OP’S NEW FORMULA: BEYOND THE BEACH

Byline: Kristi Ellis

IRVINE, Calif. — It’s the second time around for Ocean Pacific Apparel Corp., and this time the company believes it has the right formula.
With a new licensee and design group president, the beach lifestyle brand is relaunching its junior and girls’ sportswear collections for back-to-school. A preview is being shown at WWDMAGIC in Las Vegas this week and the full collection will launch in New York next month.
OP has signed on Tag Apparel Group to produce the lines. The Santa Fe Springs, Calif.-based sportswear manufacturer also produces Body Code and private label collections for department and specialty stores.
Newly named president of the OP design group, Mary Wilberding, will head the divisions, overseeing design, marketing and merchandising. Wilberding most recently was president of DKNY Jeans and DKNY Active and prior to that had overseen the junior, girls’ and Sergio Valente jeans divisions of Unionbay.
OP and its former licensee, Trends Clothing Inc., terminated a three-year agreement at the end of last year due, in part, to soft sales in OP juniors.
With the new deal, OP chief executive officer Richard Baker is approaching the category with a strategy to modernize the brand, give it broader customer identity and widen its customer base.
The current saturation of the surf/beach category — particularly in the young women’s arena — and a challenging junior business are considered in the refocused approach.
“The category of surf in juniors had a difficult 2000,” said Baker. “There was so many bad versions of board shorts and screen tees, and private label flooded the market in those categories.”
Baker had one prerequisite in mind when he searched for a new licensee: it had to have a foundation in denim and woven bottoms.
Other brands in surf category, including Roxy, Hurley Girlie and Billabong Girl, have successfully managed to mix surf with denim and woven bottom staples.
“If we can mix the right element of board shorts and Ts from our surf heritage into a thoroughly modern product that 14- to 18-year-olds want, we’ll have a killer name,” he said.
That’s where Wilberding steps in.
Baker credits Wilberding with building Unionbay’s junior sportswear business for most of the Nineties, and establishing it as a significant junior brand.
“She is a product expert in this category and she touches all aspects of this business,” he said.
For her part, Wilberding said, “OP has brand awareness, so half of the job is already done. It is difficult to create a cool factor with a brand if it doesn’t already exist.”
Denim will be the driving factor in OP’s first b-t-s junior sportswear collection. The line will offer four key silhouettes, including low-rise, boot-cut, basic and so-called extreme flares.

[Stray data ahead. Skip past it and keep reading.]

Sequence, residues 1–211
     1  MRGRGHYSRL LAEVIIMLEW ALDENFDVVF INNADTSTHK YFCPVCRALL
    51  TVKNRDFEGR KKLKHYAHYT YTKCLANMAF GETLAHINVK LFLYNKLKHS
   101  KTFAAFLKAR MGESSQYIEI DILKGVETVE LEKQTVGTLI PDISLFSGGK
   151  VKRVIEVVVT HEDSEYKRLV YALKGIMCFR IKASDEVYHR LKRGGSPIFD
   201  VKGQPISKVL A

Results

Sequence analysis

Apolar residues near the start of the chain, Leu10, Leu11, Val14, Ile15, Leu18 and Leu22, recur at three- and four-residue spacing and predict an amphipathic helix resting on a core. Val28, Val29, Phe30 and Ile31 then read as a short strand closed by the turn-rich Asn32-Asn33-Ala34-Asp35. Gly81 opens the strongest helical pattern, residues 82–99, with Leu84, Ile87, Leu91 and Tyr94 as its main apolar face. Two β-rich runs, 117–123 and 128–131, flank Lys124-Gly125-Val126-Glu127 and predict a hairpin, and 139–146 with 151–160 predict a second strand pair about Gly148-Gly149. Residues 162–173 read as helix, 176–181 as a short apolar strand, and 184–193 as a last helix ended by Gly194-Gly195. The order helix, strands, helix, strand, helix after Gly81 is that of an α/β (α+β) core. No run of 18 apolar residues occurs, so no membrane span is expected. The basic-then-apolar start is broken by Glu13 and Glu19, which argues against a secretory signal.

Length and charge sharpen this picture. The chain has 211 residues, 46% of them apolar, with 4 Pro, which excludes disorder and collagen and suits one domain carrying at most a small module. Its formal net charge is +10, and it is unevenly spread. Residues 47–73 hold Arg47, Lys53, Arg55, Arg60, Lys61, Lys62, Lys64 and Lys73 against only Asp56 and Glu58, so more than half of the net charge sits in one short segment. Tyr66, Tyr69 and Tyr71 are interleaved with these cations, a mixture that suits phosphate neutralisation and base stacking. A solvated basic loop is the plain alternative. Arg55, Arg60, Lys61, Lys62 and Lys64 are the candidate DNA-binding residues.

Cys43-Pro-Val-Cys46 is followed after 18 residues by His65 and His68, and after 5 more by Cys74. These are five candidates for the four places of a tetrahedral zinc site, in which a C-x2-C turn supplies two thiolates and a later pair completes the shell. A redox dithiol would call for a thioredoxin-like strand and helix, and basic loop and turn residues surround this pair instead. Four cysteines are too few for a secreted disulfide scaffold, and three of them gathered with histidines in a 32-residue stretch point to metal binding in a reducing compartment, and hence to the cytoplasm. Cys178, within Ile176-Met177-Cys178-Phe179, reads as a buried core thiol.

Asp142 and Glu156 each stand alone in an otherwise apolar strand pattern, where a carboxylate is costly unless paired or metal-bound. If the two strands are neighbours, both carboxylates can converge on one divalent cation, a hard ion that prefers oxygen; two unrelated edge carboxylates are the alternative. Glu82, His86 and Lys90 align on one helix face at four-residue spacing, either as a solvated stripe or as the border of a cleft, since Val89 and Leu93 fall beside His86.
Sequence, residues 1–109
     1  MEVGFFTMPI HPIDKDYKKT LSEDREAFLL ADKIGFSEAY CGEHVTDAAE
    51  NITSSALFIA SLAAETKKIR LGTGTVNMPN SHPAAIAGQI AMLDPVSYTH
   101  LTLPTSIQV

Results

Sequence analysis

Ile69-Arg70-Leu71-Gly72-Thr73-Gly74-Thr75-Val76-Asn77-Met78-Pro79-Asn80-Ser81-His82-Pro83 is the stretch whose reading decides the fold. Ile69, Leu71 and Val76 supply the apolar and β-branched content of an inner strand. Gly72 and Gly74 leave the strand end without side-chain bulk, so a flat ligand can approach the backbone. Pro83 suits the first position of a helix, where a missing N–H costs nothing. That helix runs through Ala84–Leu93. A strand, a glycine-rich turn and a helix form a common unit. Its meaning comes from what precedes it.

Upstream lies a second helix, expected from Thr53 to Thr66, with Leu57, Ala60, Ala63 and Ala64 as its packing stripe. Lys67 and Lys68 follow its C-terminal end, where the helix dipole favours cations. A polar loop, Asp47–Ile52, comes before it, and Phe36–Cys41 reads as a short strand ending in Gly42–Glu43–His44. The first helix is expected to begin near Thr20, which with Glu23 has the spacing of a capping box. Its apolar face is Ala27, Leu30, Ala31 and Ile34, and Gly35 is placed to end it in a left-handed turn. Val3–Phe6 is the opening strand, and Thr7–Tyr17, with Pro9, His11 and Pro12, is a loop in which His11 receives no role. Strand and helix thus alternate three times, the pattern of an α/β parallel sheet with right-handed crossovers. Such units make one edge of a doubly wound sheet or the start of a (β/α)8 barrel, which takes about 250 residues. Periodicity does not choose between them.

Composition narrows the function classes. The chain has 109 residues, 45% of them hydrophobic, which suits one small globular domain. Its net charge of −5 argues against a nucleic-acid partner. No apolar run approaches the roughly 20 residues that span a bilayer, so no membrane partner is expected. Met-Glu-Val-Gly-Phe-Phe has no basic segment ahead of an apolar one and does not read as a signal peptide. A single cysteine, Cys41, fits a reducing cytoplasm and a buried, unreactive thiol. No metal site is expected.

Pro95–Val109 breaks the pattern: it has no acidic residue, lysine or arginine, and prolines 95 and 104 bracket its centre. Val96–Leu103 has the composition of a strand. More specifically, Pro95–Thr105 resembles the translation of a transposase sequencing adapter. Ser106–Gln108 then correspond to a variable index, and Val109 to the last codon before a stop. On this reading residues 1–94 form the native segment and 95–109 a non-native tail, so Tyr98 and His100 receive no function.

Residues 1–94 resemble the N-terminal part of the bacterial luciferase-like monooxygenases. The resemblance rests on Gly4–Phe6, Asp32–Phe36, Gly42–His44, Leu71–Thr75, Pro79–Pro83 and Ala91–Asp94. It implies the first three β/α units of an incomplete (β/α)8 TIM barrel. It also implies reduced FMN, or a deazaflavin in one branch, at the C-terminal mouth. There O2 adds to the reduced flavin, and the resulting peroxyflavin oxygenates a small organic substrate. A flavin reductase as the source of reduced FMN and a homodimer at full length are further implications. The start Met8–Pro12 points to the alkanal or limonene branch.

“When we do denim we have to play off of the OP trademark with a little irreverence and a nod to the athleticism in extreme sports in beach and surf,” she said.
To that end, she plans to keep the bodies sexy and fitted and mix them with key beach elements and irreverent prints and screens. Stone-wash treatments will receive the most emphasis, she noted, though darker rinses and dirty washes will remain key.
The new collection will focus on corduroy bottoms in a variety of widths and washes. Wholesale prices range from $18 to $26. The company also will pay homage to its roots.
Tops, playing a secondary role, feature retro floral prints, rainbows and athletic sports logos. Sexy silhouettes and novelty treatments are also important. At press time, top wholesale prices had not been determined.
“We’ve been so homogenized with twills, khakis and black, but there is such an explosion of color now that comes from beach and surf,” she said. “We were too basic in sportswear and too narrow and the junior customers told us to go a lot broader.”
Baker expects the junior and girls’ line to easily pull in $10 million in sales by yearend, targeted are specialty chains and department stores. Some $4 million to $5 million is slated for advertising to support all divisions.
OP’s worldwide volume hit $175 million last year, compared with $120 million in 1999. Baker expects worldwide sales to reach $250 million this year, fueled largely by young men’s and children’s, which are expected to reach a combined volume of $125 million.
U.S. volume accounted for about $130 million. In the U.S., sales this year should hit about $200 million, with $40 million from the girls’ line, junior sportswear, swimwear and fragrances, Baker said.
Overall, the company now has about 20 licensing agreements and also sells products over its Web site at Opstore.com.

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